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Showing content with the highest reputation on 04/30/2019 in all areas

  1. 2 points
    Just cut them off and if you have a band saw cut to size or just a bit oversize for knife handle blocks. I usually orient the best looking areas so that the eyes are on the sides of the handle block. You cannot do that to all of the burl, but I try to get the densest and nicest pieces cut this way. Seal with a wax emulsion available from Woodcraft Supply and let dry stacked with separation for airflow in a cool shaded place with no breezes for at least 1 year per inch of thickness. This is for average woods like maple, however some woods like Madrone or Oak can have high levels of stress in them and will twist and split badly in drying even when coated. These woods I have found respond well to being boiled as soon as being cut up. About 1 hour per inch of thickness. This releaves the stresses and they seem to dry a bit faster afterwards. I have dried Red Mulberry with minimal splitting checking so yours may dry well.
  2. 2 points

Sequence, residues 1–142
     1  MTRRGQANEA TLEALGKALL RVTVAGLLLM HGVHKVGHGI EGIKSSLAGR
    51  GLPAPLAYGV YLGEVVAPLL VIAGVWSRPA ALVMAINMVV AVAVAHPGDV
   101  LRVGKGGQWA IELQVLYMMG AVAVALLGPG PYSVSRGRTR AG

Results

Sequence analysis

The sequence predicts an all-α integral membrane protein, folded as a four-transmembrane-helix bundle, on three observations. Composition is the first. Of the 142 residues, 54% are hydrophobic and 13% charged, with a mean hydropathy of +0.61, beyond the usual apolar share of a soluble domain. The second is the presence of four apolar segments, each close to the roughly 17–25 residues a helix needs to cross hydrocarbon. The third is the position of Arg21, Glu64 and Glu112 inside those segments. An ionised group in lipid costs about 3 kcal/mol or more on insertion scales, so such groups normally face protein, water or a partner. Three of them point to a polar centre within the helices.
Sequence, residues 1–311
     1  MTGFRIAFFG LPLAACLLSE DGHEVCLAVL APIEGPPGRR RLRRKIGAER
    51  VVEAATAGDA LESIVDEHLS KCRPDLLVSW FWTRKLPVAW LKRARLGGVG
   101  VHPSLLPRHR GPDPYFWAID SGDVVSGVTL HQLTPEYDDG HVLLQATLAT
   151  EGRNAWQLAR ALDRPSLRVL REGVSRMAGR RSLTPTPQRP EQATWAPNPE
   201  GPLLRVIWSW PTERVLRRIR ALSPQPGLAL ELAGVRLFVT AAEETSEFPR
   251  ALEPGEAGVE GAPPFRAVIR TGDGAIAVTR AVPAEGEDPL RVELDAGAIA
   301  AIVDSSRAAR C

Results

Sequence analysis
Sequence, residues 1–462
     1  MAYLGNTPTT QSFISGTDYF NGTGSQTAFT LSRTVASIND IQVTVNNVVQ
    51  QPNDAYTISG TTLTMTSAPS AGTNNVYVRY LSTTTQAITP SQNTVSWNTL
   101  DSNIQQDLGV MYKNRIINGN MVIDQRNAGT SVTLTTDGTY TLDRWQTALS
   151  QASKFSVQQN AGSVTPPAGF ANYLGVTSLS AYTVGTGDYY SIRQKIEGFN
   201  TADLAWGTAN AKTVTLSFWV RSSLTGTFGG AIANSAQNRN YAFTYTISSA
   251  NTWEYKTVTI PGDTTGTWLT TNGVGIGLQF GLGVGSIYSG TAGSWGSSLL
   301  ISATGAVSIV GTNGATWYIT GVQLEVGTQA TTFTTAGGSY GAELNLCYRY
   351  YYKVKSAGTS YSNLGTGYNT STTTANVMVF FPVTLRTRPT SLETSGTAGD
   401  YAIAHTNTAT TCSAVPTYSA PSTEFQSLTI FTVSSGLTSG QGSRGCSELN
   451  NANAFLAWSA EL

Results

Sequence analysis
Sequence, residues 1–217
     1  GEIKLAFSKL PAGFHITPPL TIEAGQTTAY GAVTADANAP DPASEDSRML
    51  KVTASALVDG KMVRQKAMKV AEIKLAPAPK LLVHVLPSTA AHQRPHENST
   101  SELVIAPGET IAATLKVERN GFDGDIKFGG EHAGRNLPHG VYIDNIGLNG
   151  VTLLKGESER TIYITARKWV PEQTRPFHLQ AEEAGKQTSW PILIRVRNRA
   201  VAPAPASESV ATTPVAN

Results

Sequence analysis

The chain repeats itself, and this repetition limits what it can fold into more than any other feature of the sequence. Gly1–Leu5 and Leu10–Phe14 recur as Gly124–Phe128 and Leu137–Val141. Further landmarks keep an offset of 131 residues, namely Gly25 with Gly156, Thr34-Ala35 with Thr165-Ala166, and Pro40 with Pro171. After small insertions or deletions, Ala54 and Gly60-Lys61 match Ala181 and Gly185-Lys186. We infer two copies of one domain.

Well,i've pursued this same general design further(as in repeating it within the general parameters,changing things slightly but making sure that all info adds to one pile of knowledge). (stuck this file onto post by mistake:)...it Is the source of some of my WI for these axes though...) I made an elongated oval drift,as many axes of that period seemed to have a similar eye. It (their eye) was an inverted cone,big end opening toward the handle;haft was wedgte-less,and worked similar to Morse taper... Tried the drift on a couple of slit&drifted versions.Those were around too,tho' predominantly this style axes were composites. This is a variant in 3/4" thick A529 plate,though in a bit i'll find one in WI But back to composites for a moment.This is some of that wagon-tire,1?2" thick x 2" wide,pre-form welded and left long pending decision...(that original one in this post ran short on this side-mat'l,and i needed to remember how long It was...) And here it is welded...And a screw-up again,on the opposite end of spectrum this time-my mass escaped too far forward: Here it is ground(to a functional edge),but it's still too long... Now back to slit&driftment...A chunk of WI,7/8" thick by 5" long x 2" wide.I drilled it,as slitting that mild a day or tow earlier has beat me up sadly. Good Lawd but did it make it easier!!!Never tried it before and was Tres impressed...(dinn't get a good control of a friends drill-press in time to not have holes all gaggedy-ass,but it slit fine anyway... That old-style drift,2" wide by a touch over 1/2"... Bit ready for welding(and i think the poll is already steeled...) It needed some profiling after everything,but i'm getting a bit more happy with results...(you can see traces of my misdrillment:) And here's that slit&drifted mild...This one has actually been shaped by hammer alone...no reduction...:) New drift...Slightly changing the paradigm here,something i oughtn't do yet(...4 down,but 16+ more to go,as per J.A's dogma..)...But,my time at the forge is nearing an end,spring subsistence schedule pressing,and there's that one axe i'm just dying to try... So,one half of a pre-form with drift...It'll get a spacer,making it a 3-layer poll(+ steel plate),and a blade Materials,WI of a couple sorts(wagon tire is one),scavanged 10xx for a blade,and eventually nice new 1095 for butt-plate... Welding,as one can imagine,was a bear...Both welds needing to be done close together in time,and neither of them small...Big,ugly sandwich of junk,looked real hairy...:( But,by gum,weld it didst...sorry,double...:( Needing to trim off the top,naturally,my control of this bunch of steel wasn't terrific,and edge-setting something this tall and massive was pretty much out... And finally the initial grinding...so far,only one lousy part of weld,unimportant technically,and should grind out(but if there's more,so much better for Period Correctness:) Hey,sorry for such an endless post...:(